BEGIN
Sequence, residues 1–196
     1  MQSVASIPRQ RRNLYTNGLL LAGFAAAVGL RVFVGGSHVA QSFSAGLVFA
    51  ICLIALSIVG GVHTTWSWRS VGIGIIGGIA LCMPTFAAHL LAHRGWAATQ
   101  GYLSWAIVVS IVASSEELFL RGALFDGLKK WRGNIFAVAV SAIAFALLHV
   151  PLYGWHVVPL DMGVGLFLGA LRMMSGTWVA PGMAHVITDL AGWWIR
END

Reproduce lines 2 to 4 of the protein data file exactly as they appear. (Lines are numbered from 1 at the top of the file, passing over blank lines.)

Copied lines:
     1  MQSVASIPRQ RRNLYTNGLL LAGFAAAVGL RVFVGGSHVA QSFSAGLVFA
    51  ICLIALSIVG GVHTTWSWRS VGIGIIGGIA LCMPTFAAHL LAHRGWAATQ
   101  GYLSWAIVVS IVASSEELFL RGALFDGLKK WRGNIFAVAV SAIAFALLHV